Anyone that has ever been on a movie set knows that absolutely NOTHING ever “zips” in, out or any other direction. It’s a long, slow boring process, and that’s why I’ve never wanted to be an actor. I love the immediate buzz of a live performance, but in retrospect I should have done both.

   The live performance is over forever as soon as the show ends, but TV and film work becomes a time capsule and endures indefinitely. I wish I would have realized that a lot sooner, and made the effort to pursue it even a little bit more. But I knew everything and wouldn’t hear of any of it.

   My role in this project doesn’t require much acting talent, but it is an integral part of a complex story line and it’s a fun character to play. I have seven lines, and I must have rehearsed them five hundred times in the last couple of weeks. I’ve never been good at memorizing lines, but I didn’t want to make me or anyone else look bad so I made absolutely sure I was ready when I got there.

   I’ve always respected the magnitude of any filming project, and the last thing I ever want to be is a prima donna or think I’m running the show. There are a lot of people in one place, and it’s not easy to pull everything together. I totally see why schedules fall apart, as glitches are inevitable.

   I made it to the set right on time, and was immediately told there would be a “slight delay” and they’d let me know when they’d need me. Everyone was very friendly, and I wasn’t about to tell them to hurry up because I knew that’s not how this game works. I waited until they were ready.

   Unfortunately, that took until 6:15pm. I felt the entire day slip away, but there was nothing any of us could do but wait it out. I read my book and shut my mouth, knowing in the long run this is a worthwhile opportunity. It’s my first speaking role in a feature film, and it gives me credibility.

   I should have been doing this decades ago, as I see now how the game works. Connections get made in situations like this, much like on a golf course in the business world. I got to chat with a wide array of people from actors to crew, and even got some one on one time with the director.

   Most of them found it fascinating I did standup comedy, and wanted to know more about it. It became obvious that this is how people network, and I should have been doing it all along. I did everything the director told me to do, and all my scenes went smoothly. I’m glad I showed up.

   It wasn’t the most convenient day to do this, but it was a very significant career leap for me. It will be a legitimate acting credit, and hopefully open doors I should have knocked on long ago.

Oscars The Grouch

February 25, 2013

Sunday February 24th, 2013 – Kenosha, WI

   It’s Oscar night, and I couldn’t care less. Being in the entertainment business I probably should at least a little, but I can’t fake it. I don’t. I’m not a huge movie watcher, and those I do and enjoy are usually not part of the mix. Did ‘Smokey and the Bandit’ ever get nominated? I rest my case.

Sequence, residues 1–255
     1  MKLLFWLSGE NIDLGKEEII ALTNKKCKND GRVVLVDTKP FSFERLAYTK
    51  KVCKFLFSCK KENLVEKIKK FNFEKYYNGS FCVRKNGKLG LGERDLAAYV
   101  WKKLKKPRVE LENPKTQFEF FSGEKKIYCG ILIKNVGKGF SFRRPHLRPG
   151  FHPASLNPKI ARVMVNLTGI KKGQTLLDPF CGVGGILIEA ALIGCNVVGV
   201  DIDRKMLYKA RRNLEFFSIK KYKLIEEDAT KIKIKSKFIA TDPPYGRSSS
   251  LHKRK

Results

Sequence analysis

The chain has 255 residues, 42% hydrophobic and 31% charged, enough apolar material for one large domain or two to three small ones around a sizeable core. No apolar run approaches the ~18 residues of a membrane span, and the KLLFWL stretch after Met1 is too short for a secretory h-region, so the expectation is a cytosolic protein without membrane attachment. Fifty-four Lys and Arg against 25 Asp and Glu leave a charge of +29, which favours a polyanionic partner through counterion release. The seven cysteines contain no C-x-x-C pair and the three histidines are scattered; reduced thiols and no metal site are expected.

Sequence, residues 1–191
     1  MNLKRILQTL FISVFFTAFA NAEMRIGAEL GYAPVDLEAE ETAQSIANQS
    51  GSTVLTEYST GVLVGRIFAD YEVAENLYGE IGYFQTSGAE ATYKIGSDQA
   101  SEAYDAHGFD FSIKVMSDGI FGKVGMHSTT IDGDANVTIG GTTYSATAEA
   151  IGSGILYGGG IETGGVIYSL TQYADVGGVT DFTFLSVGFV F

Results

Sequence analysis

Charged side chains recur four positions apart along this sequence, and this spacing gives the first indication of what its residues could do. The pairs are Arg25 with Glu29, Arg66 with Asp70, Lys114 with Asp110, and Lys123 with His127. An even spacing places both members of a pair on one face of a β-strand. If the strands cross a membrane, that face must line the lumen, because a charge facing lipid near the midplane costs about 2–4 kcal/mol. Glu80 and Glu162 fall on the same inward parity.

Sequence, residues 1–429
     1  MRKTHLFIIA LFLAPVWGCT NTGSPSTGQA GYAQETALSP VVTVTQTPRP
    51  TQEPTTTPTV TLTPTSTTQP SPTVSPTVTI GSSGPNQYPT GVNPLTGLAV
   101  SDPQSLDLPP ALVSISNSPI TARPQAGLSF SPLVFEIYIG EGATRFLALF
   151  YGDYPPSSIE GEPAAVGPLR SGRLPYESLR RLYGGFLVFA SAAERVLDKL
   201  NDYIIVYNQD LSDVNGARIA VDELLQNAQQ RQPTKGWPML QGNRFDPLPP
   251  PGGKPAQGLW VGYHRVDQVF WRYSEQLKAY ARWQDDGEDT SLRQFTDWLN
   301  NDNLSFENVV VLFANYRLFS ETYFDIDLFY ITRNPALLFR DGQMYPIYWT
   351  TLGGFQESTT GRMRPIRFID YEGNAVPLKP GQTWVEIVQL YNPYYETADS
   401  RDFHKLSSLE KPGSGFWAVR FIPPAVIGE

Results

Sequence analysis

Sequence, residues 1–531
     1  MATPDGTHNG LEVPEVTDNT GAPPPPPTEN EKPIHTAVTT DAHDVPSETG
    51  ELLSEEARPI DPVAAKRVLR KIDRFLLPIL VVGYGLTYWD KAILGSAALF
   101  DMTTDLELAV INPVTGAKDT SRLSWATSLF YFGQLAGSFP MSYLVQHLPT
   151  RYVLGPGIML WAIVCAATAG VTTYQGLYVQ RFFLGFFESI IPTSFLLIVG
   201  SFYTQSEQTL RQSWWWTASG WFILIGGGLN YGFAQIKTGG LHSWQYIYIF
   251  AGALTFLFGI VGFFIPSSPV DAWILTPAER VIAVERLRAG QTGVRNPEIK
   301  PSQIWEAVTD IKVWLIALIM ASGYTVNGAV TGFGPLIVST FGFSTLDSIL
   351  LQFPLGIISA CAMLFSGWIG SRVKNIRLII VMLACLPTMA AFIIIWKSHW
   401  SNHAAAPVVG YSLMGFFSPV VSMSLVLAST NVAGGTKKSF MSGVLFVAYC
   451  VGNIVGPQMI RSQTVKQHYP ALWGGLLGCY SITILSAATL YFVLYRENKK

I’m not a big fan of any awards shows, even though they draw huge ratings or they wouldn’t be pillars of the broadcast calendar. I heard upwards of a billion people were watching this around a world that can’t agree on almost anything. Other than the Super Bowl, what U.S. event is as big?

I was invited to an Oscar party in Kenosha, WI at Mark Gumbinger’s house, but I couldn’t stay long because I needed to be on the air at WLIP hosting ‘The Mothership Connection’ paranormal radio show at 8pm. I didn’t want to be rude, so I stopped by to say hello before going on the air.

Mark is a film director himself, and has seen most of the nominated titles. I guess that makes it significantly more interesting, but I don’t have time to see that many movies much less the desire not to mention the money. I’ve got too many other things I really want to do that use up my time.

I also have a difficult time with comparing art. Who can say what the best film out of a laundry list of them truly is? It’s all opinion. I know it’s human nature to compare, but I never had a need to do that. It’s like comparing the best athletes from different eras. Who cares? They’re all great.

Look at all the hard work that went into every one of those projects – and all the other ones that weren’t nominated. Sure, some results were better than others but to single some out as being the best just doesn’t float my boat. And like in every other contest, it sets the table for hard feelings.

The politically correct answer for everyone to say is “It’s just great to be nominated” – and it is. But we’re all human and everybody wants to win. There are a lot more people that go home from any awards show disappointed than those that go home happy. I don’t like those kinds of odds.

That’s a good thing, because I’m not up for any major awards any time soon and that’s another source of disappointment. What’s worse, putting one’s heart and soul into a film project only to have it lose out to some artsy fartsy dung nugget or not having any projects worthy of rejection?

I’ve got all I can handle slinging my little batch of jokes to new people every week. I work just as hard as or harder than the majority of those in the film industry, but there are no awards shows for me nor are there any for single moms or working stiffs out there trying to keep the bills paid.

I will say I’m a huge fan of Seth MacFarlane. What an unbelievable talent that guy is. He sings and writes and does voices and is world class at all of it. I loved his opening monologue, but I’m sure he polarized a lot of people with it and that’s what he wanted. He can afford to do that and I respect him for it. I’ve been polarizing people my whole life, but I’m not Seth MacFarlane. He’s got the power and clout and can creatively do what he wants. Who wouldn’t want that? To have that kind of freedom and get paid millions is what it’s about. Starving artists are way overrated.